Design extranet farm topology (Windows SharePoint Services)

Applies To: Windows SharePoint Services 3.0


Topic Last Modified: 2010-01-05

In this article:

  • About extranet environments

  • Planning for extranet environments

  • Edge firewall topology

  • Back-to-back perimeter topology

  • Split back-to-back topology

This article can be used with the following model: Extranet Topologies for SharePoint Products and Technologies (

About extranet environments

An extranet environment is a private network that is securely extended to share part of an organization's information or processes with remote employees, external partners, or customers. By using an extranet, you can share any type of content that is hosted by Windows SharePoint Services 3.0, including documents, lists, libraries, calendars, blogs, and wikis.

The following table describes the benefits that the extranet provides for each group.

Remote employees

Remote employees can access corporate information and electronic resources anywhere, anytime, and any place, without requiring a virtual private network (VPN). Remote employees include:

  • Traveling sales employees.

  • Employees working from home offices or customer sites.

  • Geographically dispersed virtual teams.

External partners

External partners can participate in business processes and collaborate with employees of your organization. You can use an extranet to help enhance the security of data in the following ways:

  • Apply appropriate security and user-interface components to isolate partners and to segregate internal data.

  • Authorize partners to use only sites and data that are necessary for their contributions.

  • Restrict partners from viewing other partners’ data.

You can optimize processes and sites for partner collaboration in the following ways:

  • Enable employees of your organization and partner employees to view, change, add, and delete content to promote successful results for both companies.

  • Configure alerts to notify users when content changes or to start a workflow.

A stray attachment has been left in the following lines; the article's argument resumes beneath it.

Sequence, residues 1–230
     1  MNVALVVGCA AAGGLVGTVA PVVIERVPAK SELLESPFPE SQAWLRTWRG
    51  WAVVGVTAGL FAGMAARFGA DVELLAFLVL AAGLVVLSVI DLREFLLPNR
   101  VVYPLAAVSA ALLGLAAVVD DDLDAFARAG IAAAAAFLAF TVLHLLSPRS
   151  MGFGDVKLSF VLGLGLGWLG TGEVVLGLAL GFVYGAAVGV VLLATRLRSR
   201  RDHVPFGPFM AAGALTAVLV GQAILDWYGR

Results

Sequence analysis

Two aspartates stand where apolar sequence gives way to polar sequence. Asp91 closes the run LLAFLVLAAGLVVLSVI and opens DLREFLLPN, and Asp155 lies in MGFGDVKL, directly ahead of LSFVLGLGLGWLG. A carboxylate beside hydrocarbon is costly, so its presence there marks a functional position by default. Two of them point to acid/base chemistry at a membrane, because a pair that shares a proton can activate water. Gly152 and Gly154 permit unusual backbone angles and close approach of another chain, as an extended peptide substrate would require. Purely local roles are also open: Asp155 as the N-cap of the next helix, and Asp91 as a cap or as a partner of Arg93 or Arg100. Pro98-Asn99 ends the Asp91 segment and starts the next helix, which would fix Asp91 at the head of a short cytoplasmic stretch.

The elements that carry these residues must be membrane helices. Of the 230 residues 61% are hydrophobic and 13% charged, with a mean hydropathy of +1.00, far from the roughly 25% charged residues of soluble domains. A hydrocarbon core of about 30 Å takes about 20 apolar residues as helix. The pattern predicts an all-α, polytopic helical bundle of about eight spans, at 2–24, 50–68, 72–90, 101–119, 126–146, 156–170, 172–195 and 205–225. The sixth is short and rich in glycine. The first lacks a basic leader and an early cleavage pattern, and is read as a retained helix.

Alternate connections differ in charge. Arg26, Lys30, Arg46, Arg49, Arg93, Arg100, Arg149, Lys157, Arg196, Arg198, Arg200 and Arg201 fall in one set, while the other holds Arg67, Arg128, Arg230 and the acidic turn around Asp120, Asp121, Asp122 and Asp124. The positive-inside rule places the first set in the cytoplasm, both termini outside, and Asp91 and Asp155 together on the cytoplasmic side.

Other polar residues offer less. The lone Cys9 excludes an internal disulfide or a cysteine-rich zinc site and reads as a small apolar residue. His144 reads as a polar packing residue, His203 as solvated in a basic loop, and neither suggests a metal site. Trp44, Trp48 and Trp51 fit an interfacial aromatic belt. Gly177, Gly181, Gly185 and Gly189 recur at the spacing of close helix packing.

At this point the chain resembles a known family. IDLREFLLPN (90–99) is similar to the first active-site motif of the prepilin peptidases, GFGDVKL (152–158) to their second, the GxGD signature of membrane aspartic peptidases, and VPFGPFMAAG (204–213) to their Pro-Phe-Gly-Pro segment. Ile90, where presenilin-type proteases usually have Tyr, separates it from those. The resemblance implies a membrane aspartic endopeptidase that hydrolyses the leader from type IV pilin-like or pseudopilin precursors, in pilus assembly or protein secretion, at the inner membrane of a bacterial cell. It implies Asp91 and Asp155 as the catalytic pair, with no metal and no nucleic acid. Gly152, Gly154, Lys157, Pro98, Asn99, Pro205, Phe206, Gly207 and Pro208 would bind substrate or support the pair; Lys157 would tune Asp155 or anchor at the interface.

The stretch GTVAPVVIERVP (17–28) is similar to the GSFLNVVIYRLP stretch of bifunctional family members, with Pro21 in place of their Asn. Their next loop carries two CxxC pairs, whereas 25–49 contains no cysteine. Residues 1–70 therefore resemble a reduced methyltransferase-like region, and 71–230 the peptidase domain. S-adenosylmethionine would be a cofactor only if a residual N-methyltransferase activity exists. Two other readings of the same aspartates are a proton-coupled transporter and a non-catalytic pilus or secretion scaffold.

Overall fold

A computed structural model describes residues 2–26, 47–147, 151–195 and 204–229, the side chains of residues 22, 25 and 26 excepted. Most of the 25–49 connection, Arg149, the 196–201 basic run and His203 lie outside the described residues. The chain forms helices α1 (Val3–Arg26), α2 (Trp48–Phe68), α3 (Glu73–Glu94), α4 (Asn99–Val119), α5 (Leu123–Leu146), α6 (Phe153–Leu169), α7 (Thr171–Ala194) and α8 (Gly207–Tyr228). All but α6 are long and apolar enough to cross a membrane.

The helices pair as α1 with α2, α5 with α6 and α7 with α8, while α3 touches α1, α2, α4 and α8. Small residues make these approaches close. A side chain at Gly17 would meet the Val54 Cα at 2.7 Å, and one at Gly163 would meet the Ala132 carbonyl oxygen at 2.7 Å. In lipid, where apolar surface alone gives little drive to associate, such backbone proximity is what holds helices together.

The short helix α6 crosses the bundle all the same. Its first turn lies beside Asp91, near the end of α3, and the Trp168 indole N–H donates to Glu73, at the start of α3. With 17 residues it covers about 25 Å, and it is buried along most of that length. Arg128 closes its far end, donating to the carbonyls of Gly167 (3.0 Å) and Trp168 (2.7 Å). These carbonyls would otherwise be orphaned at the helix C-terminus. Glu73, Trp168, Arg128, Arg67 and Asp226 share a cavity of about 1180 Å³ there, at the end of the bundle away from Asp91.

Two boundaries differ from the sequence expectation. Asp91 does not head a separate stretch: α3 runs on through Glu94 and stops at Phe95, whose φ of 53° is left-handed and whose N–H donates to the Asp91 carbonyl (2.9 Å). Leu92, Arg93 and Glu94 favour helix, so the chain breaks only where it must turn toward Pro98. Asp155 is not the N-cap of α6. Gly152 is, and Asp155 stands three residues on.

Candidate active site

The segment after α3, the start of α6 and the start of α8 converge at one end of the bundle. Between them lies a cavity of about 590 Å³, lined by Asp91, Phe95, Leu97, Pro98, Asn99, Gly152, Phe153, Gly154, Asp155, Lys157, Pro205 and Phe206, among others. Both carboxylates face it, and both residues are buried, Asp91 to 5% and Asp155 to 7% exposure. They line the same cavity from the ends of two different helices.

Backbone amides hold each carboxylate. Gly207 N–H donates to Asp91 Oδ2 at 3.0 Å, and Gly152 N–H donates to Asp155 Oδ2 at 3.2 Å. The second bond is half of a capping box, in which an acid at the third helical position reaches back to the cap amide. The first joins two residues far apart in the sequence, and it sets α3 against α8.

Makes sites available to customers:

  • Provide anonymous access to information about your business.

  • Allow clients to log on and participate in a workflow.

Windows SharePoint Services 3.0 provides flexible options for configuring extranet access to sites. You can provide Internet-facing access to a subset of sites on a server farm or make all content on a server farm accessible from the Internet. You can host extranet content inside your corporate network and make it available through an edge firewall, or you can isolate the server farm inside a perimeter network.

Planning for extranet environments

The rest of this article discusses specific extranet topologies that have been tested with Windows SharePoint Services 3.0. The topologies that are discussed in this article can help you to understand the options that are available with Windows SharePoint Services 3.0, including requirements and tradeoffs.

The following sections highlight additional planning activities for an extranet environment.

Plan network edge technology

In each topology, the network edge technology illustrated is one or both of the following products from the Microsoft Forefront Edge suite of products: Microsoft Internet Security and Acceleration (ISA) Server and Intelligent Application Gateway (IAG) 2007. For more information about these Microsoft Forefront Edge products, see the following resources:


You can substitute a different network edge technology.

IAG Server provides these additional features:

  • Information leakage prevention: No residues are left on the client computer, and all cache, temporary files, and cookies are deleted.

  • Endpoint, health-based authorization: Administrators can define an access policy that is based not only on the identity of the user and the information that is exposed but also on the condition of the client computer.

  • Access SharePoint sites from Outlook Web Access: Users can access SharePoint sites from links sent in e-mail through Outlook Web Access. IAG provides the link translation for links that refer to internal URLs.

  • Unified portal: Upon logon, IAG presents to each user the list of SharePoint sites and other applications that are available and authorized for that user.

The following table summarizes the difference between the servers.

Capability ISA 2006 IAG 2007

Publish Web applications using HTTPS



Publish internal mobile applications to roaming mobile devices



Layer 3 firewall



Outbound scenarios support